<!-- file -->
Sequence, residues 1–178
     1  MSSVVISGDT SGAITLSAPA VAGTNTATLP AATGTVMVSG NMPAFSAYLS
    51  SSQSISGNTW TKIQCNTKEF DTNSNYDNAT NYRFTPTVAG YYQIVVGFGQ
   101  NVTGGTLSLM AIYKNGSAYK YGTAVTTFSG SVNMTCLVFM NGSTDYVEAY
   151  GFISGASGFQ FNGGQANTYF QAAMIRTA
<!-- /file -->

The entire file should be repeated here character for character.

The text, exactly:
Sequence, residues 1–178
     1  MSSVVISGDT SGAITLSAPA VAGTNTATLP AATGTVMVSG NMPAFSAYLS
    51  SSQSISGNTW TKIQCNTKEF DTNSNYDNAT NYRFTPTVAG YYQIVVGFGQ
   101  NVTGGTLSLM AIYKNGSAYK YGTAVTTFSG SVNMTCLVFM NGSTDYVEAY
   151  GFISGASGFQ FNGGQANTYF QAAMIRTA